Returning to the Classroom: Teachers Worry About Loved Ones

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Jenna Toner became a mom for the second time, to a bouncing baby boy, eight weeks ago. As she prepares to return to her teaching job in Manchester, she can’t help but have concerns.

“Not having enough information out there, I’m worried as a parent,” she said of her newborn’s health.

Toner, who has chronic asthma, said her worries extend beyond herself, but to her own children and the children she teaches.

“I worry about what they could potentially be bringing home,” she said.

Lynn Arrigoni, a New London math intervention teacher shared Toner’s concern.

“I work in a city. We have multi-generational families,” the Dover Middle School teacher said.

Toner believes that the state’s guidelines leave too much up to the school districts, a lack of consistency that she predicts will lead to problems.

Jenna Toner is a special education teacher in Manchester. She has chronic asthma and a newborn son.

“I’ve spoken to other teachers from other districts, friends of mine, and they have felt in the dark, and I’m going that’s not fair,” she said.

Arrigoni doesn’t believe the state has taken the concerns of teachers into account and she hopes that will change at the local level.

“Let’s have teachers part of the discussion rather than just telling us that we need to go back, kids are resilient, kids will get through this,” said Arrigoni.

Southington Superintendent Timothy Connellan said he’s preparing for up to 10% of his staff to choose not to return to the classroom this fall. At Southington High School, that could mean up to 20 teachers and staff members.

“High school for us is a very, very difficult nut to crack. Our high school is 2,000 students and not all of our teachers have their own classrooms,” said Connellan.

The district will soon put out a survey asking teachers about their plans.

“We have almost 600 teachers. If it were 10%, that’s 60 folks spread out across 13 different grade levels,” he added.

He said keeping students and staff safe at the high school will be the biggest challenge.

“We can create one-way hallways but unless we lessen the number of students we’re going to have very crowded conditions,” Connellan explained.

He pointed out that not every teacher has their own classroom. While some share rooms, others travel from room to room throughout the day.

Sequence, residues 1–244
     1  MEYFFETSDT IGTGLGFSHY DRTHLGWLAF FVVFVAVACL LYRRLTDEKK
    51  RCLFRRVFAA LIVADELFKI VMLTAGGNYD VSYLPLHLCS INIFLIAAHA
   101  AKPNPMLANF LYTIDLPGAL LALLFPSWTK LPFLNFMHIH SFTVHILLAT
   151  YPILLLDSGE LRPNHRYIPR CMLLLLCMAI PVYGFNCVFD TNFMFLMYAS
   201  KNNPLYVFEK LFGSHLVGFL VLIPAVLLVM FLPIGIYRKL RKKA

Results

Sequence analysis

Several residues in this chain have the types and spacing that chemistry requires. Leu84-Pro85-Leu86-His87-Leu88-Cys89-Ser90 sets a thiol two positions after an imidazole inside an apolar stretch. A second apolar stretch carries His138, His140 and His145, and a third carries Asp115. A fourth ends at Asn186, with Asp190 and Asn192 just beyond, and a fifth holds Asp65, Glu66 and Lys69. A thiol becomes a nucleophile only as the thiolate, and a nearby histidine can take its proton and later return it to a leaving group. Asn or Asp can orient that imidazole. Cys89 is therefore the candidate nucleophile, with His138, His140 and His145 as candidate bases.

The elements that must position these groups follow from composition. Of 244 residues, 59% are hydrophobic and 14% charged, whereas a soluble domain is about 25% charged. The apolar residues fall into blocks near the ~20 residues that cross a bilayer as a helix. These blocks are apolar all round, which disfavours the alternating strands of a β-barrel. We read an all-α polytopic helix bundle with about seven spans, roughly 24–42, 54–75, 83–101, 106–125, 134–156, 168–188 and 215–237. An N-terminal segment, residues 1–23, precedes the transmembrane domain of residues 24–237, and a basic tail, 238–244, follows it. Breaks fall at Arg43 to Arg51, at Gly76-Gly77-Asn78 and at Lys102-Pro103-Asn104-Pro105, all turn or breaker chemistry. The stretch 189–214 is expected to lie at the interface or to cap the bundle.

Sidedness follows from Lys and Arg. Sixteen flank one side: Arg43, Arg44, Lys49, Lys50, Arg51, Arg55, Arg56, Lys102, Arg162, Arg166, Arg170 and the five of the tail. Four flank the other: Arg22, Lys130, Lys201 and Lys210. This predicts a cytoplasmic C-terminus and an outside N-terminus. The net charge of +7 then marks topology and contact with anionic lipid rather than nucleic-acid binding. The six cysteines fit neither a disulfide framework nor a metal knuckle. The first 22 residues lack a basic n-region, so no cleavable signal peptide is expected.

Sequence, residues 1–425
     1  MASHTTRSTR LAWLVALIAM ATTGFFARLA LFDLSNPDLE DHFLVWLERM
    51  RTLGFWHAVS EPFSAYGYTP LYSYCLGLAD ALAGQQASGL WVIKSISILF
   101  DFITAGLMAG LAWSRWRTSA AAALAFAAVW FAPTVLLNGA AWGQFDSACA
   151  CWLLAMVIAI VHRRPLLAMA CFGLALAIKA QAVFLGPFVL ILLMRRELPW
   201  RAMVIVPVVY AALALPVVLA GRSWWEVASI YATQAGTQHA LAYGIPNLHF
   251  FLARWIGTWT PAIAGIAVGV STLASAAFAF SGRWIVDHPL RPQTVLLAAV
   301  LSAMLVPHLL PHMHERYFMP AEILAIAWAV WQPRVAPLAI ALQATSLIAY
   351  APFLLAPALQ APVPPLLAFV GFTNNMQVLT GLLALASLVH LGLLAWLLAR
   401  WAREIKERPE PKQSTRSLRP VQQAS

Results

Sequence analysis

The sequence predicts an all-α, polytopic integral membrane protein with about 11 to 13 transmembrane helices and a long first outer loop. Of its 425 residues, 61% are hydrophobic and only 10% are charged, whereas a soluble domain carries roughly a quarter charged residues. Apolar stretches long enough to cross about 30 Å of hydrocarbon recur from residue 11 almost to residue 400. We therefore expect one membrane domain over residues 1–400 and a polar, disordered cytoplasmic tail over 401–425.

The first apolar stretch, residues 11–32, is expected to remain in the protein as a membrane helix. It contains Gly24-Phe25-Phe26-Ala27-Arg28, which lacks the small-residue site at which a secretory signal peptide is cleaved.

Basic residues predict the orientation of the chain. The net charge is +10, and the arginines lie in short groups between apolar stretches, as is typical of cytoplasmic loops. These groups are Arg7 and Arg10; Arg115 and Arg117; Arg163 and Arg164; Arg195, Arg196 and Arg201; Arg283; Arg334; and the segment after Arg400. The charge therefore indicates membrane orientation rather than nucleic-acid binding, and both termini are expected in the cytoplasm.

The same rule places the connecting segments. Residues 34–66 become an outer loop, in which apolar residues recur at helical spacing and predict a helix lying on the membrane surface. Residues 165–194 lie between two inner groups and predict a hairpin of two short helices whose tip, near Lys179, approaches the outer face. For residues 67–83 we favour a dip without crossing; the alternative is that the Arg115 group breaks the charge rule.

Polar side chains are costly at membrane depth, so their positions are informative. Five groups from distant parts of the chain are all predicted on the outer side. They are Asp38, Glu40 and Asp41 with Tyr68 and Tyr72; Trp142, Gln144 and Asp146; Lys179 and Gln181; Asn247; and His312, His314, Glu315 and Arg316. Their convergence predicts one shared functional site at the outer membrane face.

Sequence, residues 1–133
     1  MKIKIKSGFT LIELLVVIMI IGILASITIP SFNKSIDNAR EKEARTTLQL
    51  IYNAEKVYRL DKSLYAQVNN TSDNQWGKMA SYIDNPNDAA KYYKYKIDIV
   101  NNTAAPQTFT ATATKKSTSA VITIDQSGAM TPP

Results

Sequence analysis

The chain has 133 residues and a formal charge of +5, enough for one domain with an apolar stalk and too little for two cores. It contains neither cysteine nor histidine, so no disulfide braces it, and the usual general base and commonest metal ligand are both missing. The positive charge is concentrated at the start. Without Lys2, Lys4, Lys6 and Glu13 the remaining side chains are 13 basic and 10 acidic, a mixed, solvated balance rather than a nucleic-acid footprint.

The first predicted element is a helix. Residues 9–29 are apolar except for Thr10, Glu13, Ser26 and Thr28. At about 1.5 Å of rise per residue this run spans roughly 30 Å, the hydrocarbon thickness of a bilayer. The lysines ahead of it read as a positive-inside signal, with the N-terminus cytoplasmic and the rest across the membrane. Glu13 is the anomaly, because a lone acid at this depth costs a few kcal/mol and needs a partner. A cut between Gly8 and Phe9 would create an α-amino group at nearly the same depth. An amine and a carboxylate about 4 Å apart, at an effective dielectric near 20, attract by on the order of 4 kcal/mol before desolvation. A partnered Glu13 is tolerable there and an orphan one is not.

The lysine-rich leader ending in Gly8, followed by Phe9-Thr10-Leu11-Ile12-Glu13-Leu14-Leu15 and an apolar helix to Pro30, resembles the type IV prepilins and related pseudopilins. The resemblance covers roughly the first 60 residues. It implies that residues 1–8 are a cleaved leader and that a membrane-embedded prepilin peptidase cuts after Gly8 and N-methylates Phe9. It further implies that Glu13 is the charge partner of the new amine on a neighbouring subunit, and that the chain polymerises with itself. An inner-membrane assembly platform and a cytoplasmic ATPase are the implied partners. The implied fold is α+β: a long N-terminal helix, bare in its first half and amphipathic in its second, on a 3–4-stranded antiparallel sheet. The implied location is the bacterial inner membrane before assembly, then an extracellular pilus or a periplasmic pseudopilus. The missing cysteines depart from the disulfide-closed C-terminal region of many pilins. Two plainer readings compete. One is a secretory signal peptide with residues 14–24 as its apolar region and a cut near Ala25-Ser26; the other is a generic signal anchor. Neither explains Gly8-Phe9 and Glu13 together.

“Those logistics are difficult to attack and that’s been the elephant in the room quite frankly. The state department of education hasn’t really addressed it,” he said.

Arrigoni worried about the health of her parents, who she helps care for. Her father has COPD.

"My dad is terminally ill. COVID will kill him,” said Lynn Arrigoni, a New London middle school teacher.

“It’s just me earning the money for my household. I can’t afford to be told 'you have to return or you don’t get a paycheck,'” she said.

Rather than staying home, Arrigoni wants to hear more about what her district will do to keep her and her students safe.

“It concerns me that we’re not talking beyond wearing a mask,” she said. “We’re not thinking ahead. I teach in an old building. I don’t have air conditioning in my classroom.”

She also worried about obtaining and paying for cleaning supplies, which teachers are often on the hook for.

“Trying to find Lysol wipes is like going on a hunt for buried treasure,” Arrigoni pointed out.

Leaving Teaching Behind

“No matter how many times you give them direction, kids are kids and that’s my big concern,” said Arrigoni’s colleague at Dover Middle School, Jessica Cruz.

She said the pandemic may prompt her to leave her teaching career behind.

“Teaching is a passion of mine. I love teaching,” the sixth-grade language arts teacher said. “However, when it comes to health I kind of have to shift priorities.”

Cruz’s eight-year-old adoptive brother who she shares her home with while her mother goes to work in a hospital lab suffers from chronic lung disease.

“I do not need him getting sick with this,” said Cruz.

She said her brother will likely be homeschooled and thinks teachers should have the opportunity to work from home as well.

“If their parents don’t feel safe they can keep the kids at home. Are teachers given that same option?  Last time I checked, no,” she said.

Toner with her six-year-old daughter Gianna and eight-week-old son Rhett.

Toner said if given the choice, she would teach from home at the start of the school year.

“I love my job, I love my coworkers, I love my kids. I want to see my students. I don’t know it’s always possible to maintain a six-foot distance. I know it’s not possible,” she said.

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